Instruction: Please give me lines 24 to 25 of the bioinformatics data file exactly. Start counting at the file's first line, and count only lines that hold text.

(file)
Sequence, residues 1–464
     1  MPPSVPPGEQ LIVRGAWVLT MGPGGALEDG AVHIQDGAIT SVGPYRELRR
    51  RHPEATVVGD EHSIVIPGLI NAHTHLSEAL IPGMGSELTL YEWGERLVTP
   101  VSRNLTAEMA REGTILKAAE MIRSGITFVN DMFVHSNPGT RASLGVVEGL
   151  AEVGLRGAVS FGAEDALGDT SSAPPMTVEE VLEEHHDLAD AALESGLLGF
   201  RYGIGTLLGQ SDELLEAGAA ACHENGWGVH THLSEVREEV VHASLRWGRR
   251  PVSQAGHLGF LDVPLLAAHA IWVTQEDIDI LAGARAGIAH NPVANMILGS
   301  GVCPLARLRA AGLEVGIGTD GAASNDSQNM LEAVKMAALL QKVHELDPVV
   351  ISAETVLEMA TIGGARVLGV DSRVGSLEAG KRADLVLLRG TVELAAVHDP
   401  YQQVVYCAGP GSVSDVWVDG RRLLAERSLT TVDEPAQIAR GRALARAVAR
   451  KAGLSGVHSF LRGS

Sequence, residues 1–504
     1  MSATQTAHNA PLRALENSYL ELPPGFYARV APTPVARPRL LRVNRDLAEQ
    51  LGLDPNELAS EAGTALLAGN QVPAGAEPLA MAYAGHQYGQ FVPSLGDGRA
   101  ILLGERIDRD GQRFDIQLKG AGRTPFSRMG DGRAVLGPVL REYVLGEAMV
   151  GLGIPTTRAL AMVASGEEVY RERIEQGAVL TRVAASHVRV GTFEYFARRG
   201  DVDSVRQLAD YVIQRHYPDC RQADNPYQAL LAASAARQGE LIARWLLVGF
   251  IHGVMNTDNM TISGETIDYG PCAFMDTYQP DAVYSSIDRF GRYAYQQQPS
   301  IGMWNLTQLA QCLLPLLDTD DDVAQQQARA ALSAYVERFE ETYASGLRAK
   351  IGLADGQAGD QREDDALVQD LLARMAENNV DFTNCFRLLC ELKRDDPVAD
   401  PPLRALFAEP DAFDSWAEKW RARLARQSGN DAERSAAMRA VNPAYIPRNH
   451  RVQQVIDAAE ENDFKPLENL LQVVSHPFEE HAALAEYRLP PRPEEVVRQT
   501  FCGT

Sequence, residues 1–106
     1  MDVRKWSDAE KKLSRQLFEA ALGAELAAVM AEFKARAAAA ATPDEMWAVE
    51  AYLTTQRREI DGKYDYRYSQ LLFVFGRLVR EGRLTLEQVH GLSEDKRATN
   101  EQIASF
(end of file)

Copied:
Sequence, residues 1–106
     1  MDVRKWSDAE KKLSRQLFEA ALGAELAAVM AEFKARAAAA ATPDEMWAVE